In the meantime, I entertained myself by fraternizing with fellow pyromaniacs and taking a fun and easy shell building class taught by a fellow named Richard Haase.  We get to select from all sorts of fabulous fillings: silver glitter, dragon eggs, aqua, willow, green...a wide array of colors and effects.  Those little round pellets in the cup I'm holding are called stars - it's one of the basic components of any bursting firework you see.  I've lined one half of my shell with aqua stars.

On the left, I've finished filling the two halves (aqua on the outside, silver stars and white strobes in the middle, filled with gunpowder coated rice hulls to make the thing burst) and now all I have to do is jam them together, glue it together around the equator and then put a lift charge (a dixie cup of gunpowder) on the bottom.  Later that evening, we'd go down to the shooting range and fire them off electronically (as opposed to hand lighting the fuse) which is really a huge part of the fun in and of itself!  Being out on the firing lines has become my favorite part of the event.

Alright, one more thing to tell you about before we move onto the night photos.  Fireworks are fired out of a tube called a mortar.  Most mortars are made out of a super tough high density plastic that is made not to shatter (i.e., no horrible schrapnel) when there's an explosion in the tube.  The item in the photo at right is a mortar tube that had a 3" report (those loud booming shells) explode in it.  You can see how the plastic has stretched, but not fragmented.  Interestingly, it's actually sitting on the table upside down - if you can imagine it, the explosion occurred in the bottom of the tube, not coming out the top.  I've noticed that people tend to display relics like this to help us all stay present to how powerful and deadly what we're working with is.  It's easy to get lulled into a sense of ease, so it's important to keep stuff like this around.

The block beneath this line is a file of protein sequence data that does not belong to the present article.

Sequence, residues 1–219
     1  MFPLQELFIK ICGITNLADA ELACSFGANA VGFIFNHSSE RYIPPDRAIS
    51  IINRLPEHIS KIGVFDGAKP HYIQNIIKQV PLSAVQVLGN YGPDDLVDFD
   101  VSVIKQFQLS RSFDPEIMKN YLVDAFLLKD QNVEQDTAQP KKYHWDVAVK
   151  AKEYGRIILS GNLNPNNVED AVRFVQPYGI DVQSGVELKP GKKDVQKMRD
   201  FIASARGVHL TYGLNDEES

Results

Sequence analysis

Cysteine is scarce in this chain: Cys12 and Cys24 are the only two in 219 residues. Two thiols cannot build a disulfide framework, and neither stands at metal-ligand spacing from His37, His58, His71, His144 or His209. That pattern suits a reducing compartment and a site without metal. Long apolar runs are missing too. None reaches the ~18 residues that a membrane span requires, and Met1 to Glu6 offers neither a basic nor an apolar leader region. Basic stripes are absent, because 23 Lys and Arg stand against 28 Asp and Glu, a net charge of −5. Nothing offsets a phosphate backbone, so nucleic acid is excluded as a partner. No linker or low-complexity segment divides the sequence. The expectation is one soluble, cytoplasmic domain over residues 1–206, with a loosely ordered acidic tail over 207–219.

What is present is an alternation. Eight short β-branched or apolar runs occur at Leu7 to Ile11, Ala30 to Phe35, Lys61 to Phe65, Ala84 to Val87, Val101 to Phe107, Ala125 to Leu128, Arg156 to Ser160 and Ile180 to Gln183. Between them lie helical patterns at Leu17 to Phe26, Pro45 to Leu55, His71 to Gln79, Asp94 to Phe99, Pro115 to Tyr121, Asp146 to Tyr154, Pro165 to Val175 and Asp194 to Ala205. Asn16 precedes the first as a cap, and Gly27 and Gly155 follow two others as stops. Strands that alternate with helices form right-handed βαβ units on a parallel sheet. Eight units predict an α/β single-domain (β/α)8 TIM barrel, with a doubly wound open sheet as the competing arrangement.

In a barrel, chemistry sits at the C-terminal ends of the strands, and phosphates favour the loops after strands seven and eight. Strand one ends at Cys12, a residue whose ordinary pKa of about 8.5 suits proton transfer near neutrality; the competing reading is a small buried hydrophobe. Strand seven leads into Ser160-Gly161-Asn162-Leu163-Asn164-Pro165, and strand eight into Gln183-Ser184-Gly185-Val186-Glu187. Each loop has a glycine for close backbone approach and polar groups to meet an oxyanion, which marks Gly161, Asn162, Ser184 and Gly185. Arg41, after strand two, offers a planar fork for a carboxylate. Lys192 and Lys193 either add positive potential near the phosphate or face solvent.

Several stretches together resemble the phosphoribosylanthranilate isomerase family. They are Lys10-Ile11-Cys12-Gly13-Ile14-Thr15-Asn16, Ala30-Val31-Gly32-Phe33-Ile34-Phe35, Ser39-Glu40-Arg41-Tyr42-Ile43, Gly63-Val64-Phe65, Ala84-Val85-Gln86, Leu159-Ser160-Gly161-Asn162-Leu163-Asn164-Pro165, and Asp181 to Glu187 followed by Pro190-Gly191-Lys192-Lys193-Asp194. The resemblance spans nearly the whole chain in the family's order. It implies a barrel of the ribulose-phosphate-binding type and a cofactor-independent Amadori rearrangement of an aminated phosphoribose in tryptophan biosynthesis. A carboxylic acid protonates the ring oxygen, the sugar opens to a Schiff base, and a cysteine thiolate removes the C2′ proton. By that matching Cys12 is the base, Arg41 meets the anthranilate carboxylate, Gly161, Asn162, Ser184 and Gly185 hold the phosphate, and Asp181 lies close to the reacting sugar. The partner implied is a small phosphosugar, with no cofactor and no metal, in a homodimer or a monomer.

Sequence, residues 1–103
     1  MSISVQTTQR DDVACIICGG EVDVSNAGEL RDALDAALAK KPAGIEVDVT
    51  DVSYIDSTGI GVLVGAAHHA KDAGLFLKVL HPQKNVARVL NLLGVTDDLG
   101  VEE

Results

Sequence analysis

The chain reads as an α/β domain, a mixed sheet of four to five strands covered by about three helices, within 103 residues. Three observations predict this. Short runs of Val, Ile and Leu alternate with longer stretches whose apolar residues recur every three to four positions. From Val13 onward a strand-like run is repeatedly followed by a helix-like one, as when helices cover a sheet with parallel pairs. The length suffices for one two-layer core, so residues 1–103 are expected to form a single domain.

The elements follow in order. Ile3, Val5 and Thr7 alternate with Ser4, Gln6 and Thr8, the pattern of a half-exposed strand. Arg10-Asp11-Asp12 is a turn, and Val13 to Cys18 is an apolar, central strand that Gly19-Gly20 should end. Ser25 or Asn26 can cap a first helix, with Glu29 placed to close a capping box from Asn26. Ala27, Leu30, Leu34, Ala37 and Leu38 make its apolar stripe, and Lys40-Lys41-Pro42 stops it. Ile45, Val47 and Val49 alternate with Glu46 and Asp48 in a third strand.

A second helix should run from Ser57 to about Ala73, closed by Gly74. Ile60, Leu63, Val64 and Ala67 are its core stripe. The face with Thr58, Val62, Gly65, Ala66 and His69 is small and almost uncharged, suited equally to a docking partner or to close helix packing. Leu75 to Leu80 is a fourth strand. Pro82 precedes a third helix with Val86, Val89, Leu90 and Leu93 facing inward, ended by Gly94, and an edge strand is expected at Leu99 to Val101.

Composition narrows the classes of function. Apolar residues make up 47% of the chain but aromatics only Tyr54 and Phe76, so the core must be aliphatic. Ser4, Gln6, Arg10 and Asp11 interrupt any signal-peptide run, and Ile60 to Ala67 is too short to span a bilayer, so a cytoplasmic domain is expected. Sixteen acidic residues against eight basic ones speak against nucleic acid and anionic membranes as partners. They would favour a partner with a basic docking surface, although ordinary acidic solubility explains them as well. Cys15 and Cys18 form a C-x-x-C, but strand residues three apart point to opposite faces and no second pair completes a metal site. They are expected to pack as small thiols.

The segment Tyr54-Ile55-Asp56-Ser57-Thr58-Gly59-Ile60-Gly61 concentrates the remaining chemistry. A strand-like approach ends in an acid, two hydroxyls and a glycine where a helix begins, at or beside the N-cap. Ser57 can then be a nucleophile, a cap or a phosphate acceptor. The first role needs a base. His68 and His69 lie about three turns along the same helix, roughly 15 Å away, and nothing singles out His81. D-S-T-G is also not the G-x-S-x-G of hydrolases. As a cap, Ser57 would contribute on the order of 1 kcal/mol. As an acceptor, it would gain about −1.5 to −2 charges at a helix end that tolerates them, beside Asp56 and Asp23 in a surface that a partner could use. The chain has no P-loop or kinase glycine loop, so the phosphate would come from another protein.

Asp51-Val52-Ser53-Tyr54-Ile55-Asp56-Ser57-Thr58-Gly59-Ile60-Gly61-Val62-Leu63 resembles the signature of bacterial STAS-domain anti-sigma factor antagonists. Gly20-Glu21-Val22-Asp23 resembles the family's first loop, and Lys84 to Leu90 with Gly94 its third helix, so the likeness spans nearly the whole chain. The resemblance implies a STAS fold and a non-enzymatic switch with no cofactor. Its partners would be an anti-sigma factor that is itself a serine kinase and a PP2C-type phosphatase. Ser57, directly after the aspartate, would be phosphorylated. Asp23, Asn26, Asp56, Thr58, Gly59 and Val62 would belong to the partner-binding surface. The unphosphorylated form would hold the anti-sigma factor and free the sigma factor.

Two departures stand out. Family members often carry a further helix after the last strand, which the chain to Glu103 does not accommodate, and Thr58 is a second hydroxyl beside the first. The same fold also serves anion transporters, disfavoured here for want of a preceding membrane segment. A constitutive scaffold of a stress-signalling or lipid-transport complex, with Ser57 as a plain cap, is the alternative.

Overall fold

Night time!  At last!  Not so many good photos Friday evening, but a few:

Roman candle warriors at the ready

Bunny Blasto under siege

Poorly focused image of MY 4" shell - see the aqua and silver and strobes???

From the Friday night display show:

Those are gas mines going off in front, she says clapping her hands wildly:

After the public display had concluded, I high-tailed it out to the B Rocket line to work security and watch this madness up close and personal.  I love it out there and had a marvelous time, even when we got chewed out repeatedly for sending up loud reports late at night.  You know, the kind that set off car alarms.  Tee hee!

After the range closed, I went over and visited with some wonderful folks that I know from Burning Man.  We sat by the copper enhanced fire and swapped stories for awhile until I felt the need to stumble back to my motel room and fall in bed.  Smelling like gunpowder, smoke and happiness.